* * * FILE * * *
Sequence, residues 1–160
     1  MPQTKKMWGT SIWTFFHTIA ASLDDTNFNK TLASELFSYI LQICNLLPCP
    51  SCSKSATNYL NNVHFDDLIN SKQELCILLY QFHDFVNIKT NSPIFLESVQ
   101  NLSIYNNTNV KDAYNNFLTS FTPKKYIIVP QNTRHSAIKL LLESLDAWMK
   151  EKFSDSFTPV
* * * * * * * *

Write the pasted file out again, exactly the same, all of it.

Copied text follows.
Sequence, residues 1–160
     1  MPQTKKMWGT SIWTFFHTIA ASLDDTNFNK TLASELFSYI LQICNLLPCP
    51  SCSKSATNYL NNVHFDDLIN SKQELCILLY QFHDFVNIKT NSPIFLESVQ
   101  NLSIYNNTNV KDAYNNFLTS FTPKKYIIVP QNTRHSAIKL LLESLDAWMK
   151  EKFSDSFTPV